When Mariposa organizers sat down to program the playbill for that year’s festival, they pencilled in Murray McLauchlan and Bruce Cockburn as the de facto headliners. Gord, I’m sure that you would have headlined the festival had you not been suffering through your shittiest year ever. By ’72, you’d stopped touring, and you were dating Cathy Evelyn Smith, the same woman who’d conceived Levon Helm’s love child in the Seahorse Inn on Toronto’s southern Etobicoke lakeshore and who was later charged with murder in the speedball death of John Belushi. You had also suffered the first symptoms of Bell’s palsy during a performance at Massey Hall and, in 1971, had waged a trying battle with Grammy organizers, who demanded that you shorten “If You Could Read My Mind.” Anyway, because of your stasis, the responsibility for headlining the bill fell to two of your Yorkville proteges, both of whom, because of the new CanCon rules, had usurped a musical territory that, before the new law, had been almost exclusively yours. I don’t know if that cheesed you, Gord. I don’t even know whether, because you were lost in a deep fog of booze and drugs and pain, any of this registered. Maybe it did. It’s one of the things I hope to figure out.
Anyway, what happened on that island that weekend was an unexpected confluence of the greatest songwriters of their age, each of them – like yourself – emerging from difficult times. That it happened in my city – in your city, in our city – puts me close to the memory, although I would have been way too young to go there myself. Because it’s one of these great events that hasn’t been written about, I couldn’t pass up the opportunity. Writers live for this sort of thing: an untold story. The same could be said for you, Gord. It’s been over thirty years since anyone wrote a book about you. It is time. Still, the ideas didn’t end there. After poring over newsprint and microfilm about Mariposa ’72 at the Toronto Reference Library and other places, I found that the story grew and grew. What I learned was that, over the seven days leading up to Mariposa, there occurred some of the era’s most memorable and profound moments in music, politics, sports, and culture, both at home and abroad. What happened from July 10 to July 17 eclipsed any single story, including your own. In Canada, the Canada–Russia hockey teams were announced; the largest jailbreak in Canadian history occurred at Kingston’s Millhaven penitentiary; and, through a combination of forces, Trudeau mania fell fast and hard. The summer of 1972 was also when The Rolling Stones staged one of the most important – and notorious – rock and roll tours ever, in support of their important and notorious album, Exile on Main Street. As it turns out, they were also in Toronto during the Mariposa weekend, playing two shows at Maple Leaf Gardens. Stevie Wonder opened and filmmaker Robert Frank and writer Truman Capote were in tow. On Sunday in Montreal, their equipment truck was bombed in a loading bay behind the Forum. Some said the separatists were responsible, but no one knows for sure.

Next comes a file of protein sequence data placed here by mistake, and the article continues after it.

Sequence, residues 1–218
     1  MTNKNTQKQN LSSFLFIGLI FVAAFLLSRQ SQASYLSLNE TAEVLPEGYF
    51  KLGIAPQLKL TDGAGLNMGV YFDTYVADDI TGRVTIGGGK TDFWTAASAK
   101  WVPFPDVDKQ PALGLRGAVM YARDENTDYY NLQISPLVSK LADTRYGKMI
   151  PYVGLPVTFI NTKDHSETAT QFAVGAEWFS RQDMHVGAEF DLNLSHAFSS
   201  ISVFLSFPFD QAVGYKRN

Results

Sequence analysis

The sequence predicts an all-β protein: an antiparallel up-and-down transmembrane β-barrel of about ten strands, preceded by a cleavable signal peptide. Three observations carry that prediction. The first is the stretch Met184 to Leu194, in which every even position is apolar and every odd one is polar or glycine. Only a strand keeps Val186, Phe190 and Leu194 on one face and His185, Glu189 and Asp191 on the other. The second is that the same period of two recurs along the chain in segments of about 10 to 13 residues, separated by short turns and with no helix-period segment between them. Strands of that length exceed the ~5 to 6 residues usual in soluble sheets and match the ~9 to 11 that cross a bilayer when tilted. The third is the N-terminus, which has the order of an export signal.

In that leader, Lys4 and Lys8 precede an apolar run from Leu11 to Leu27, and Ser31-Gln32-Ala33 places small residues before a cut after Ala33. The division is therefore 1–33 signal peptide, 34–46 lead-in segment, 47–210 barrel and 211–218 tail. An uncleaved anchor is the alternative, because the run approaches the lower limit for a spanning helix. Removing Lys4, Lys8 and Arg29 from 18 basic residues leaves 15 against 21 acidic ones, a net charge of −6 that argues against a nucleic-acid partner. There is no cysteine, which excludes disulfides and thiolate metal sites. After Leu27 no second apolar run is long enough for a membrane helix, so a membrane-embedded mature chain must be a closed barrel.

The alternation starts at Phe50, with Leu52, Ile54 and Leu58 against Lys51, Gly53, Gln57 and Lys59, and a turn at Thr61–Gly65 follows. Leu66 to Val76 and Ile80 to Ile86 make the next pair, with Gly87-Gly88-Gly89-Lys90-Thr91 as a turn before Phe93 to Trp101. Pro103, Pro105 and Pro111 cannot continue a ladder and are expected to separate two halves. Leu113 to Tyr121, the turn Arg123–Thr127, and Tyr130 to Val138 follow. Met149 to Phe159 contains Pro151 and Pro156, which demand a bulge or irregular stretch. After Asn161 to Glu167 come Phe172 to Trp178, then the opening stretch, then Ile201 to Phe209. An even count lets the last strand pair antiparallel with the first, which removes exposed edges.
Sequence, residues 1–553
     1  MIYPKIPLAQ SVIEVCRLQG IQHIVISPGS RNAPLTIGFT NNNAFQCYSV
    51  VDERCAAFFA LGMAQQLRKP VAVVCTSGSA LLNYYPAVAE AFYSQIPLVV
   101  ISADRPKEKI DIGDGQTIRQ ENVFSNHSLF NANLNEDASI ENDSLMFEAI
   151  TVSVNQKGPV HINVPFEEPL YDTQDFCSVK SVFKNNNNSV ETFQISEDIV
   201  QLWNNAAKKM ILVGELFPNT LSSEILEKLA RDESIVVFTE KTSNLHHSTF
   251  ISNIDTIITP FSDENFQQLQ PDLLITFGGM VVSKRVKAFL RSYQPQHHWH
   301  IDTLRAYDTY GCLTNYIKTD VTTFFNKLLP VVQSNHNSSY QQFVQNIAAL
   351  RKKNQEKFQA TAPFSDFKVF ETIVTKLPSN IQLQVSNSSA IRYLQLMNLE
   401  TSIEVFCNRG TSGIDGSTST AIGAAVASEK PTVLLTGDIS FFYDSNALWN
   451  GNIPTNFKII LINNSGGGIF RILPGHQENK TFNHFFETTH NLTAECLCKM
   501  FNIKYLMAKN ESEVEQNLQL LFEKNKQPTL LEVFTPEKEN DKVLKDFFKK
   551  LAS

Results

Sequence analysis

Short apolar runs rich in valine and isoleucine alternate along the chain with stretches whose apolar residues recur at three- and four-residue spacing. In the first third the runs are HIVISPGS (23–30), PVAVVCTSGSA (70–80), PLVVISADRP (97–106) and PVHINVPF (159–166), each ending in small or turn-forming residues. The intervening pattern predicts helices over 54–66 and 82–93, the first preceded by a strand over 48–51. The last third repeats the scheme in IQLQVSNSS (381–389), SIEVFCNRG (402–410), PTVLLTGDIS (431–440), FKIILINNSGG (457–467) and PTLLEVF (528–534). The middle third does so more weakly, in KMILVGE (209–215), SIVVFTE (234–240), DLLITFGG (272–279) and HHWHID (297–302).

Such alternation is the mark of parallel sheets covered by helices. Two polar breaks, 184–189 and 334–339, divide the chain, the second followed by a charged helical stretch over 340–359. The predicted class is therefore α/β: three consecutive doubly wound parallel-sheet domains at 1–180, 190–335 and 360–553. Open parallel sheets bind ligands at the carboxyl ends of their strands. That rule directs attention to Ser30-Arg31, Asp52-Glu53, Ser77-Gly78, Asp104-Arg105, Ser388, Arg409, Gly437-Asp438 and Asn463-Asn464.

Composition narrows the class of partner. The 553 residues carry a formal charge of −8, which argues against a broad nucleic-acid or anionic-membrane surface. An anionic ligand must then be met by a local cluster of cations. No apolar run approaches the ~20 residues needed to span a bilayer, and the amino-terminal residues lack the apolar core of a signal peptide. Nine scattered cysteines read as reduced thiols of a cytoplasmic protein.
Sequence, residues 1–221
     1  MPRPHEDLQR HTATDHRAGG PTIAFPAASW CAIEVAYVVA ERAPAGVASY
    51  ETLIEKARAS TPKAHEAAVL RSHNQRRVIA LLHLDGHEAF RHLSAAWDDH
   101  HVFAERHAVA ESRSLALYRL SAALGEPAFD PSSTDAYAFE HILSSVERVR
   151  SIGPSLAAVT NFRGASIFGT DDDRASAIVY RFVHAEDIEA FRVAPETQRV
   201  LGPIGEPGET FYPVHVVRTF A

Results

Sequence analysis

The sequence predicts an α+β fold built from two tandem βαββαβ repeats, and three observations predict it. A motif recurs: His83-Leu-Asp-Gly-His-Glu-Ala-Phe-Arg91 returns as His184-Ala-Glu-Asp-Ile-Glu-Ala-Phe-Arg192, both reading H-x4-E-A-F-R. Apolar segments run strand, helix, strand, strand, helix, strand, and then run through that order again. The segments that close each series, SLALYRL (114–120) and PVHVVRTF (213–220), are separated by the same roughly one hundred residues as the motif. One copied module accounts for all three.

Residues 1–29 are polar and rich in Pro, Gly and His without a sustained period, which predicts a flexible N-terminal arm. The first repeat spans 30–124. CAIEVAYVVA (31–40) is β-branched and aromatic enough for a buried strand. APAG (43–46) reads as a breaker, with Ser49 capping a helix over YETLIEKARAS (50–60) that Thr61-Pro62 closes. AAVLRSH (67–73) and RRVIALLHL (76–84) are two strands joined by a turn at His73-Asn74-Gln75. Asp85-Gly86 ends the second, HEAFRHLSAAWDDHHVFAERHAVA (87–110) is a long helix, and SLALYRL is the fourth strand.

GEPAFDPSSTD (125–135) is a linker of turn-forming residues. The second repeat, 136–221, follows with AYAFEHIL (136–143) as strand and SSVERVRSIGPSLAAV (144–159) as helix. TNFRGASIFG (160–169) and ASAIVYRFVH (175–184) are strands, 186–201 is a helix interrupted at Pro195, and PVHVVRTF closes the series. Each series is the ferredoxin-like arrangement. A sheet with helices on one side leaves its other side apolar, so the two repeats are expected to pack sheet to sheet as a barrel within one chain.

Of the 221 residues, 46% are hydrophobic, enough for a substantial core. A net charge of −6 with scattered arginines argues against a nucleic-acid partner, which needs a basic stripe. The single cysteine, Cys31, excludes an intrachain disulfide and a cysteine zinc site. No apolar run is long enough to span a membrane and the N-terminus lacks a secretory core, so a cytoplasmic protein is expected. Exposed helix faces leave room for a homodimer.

World news of that week is also filled with remarkable events large and small, including the beginning of the Bobby Fischer–Boris Spassky chess summit and the journey of Pioneer 10 towards Jupiter. The week started with a total eclipse of the sun, and when the bells rang out on the evening of December 31, 1972, they ended the longest twelve months in history – three seconds having been added to international time – and something about music, something about Canada, and something about the world was different than it had been before. Gord, before I started writing, I talked to people who know you. I was given advice on how to handle the situation, which proved to be no advice at all. When I announced my intentions, some folks told me to steer clear. “Whatever you do, don’t park outside his house,” said one person. “The last guy who did this had his car pissed on by him. He’s a grumpy old man. He’ll never talk to you.” Others were more encouraging.
“Gord is a beautiful person,” said Dan Hill. “After Paul [Quarrington] died, he really helped me get through my period of grieving.” Eventually, I was left with two impressions. From what I gathered, you were either a loner or you were everybody’s good time. You were either a tough guy or a sweetheart who could break down at a moment’s notice. You were either a shit-kicking cowboy or an angel; a drunk or a saint. You’d either steal someone’s girlfriend or give him the shirt off your back. You were either Canada’s Townes Van Zandt or a Roger Whittaker wannabe in a plaid shirt. You were either hell on your band or loyal to a fault. You either loved Canada or had tried as hard as you could to get the hell out. Your small-town roots were either the driving force of your art, or the small, airless pepper box in which your life was confined. You were either here – showing up at Leafs games or attending industry banquets – or not here – disappearing to go on long canoe trips, or hiding out in a friend’s apartment in Detroit.
Because you won’t talk to me – I’ve called your record company a bunch of times, written emails, all of that, and still nothing – I decided to write you a letter, which, by now, is kind of obvious. I should also tell you that this book alternates between a letter to you and a description of the events of that week in ’72, leading up to Mariposa and a wild prose crescendo that will leave even the crustiest old critic lachrymose and braying from his knees.
There’s one other thing, Gord. It’s actually a big thing.
You see, in the letter sections, I’ve made stuff up. Some of it might have happened; some of it might not. Because you won’t talk to me, I’m left having to imagine your life. Because I’m a musician, too, I wanted to use all that I’ve seen and heard and done in my own rock and roll life to help piece together your story; to understand how you – a small-town choirboy – ended up creating this country’s most formidable body of song. The lawyers don’t want me to write this book, Gord. They think you will come and find me and drag this book down. My wife doesn’t want me to write it. She doesn’t want our car pissed on. But no artist ever did anything based on whether a lawyer liked their idea or not. Well, maybe some did, but not me.
Still, if you won’t talk to me, Gord, I’m going to talk to you. I mean, it wouldn’t be the first conversation that started without both people listening.
So, okay, Gord.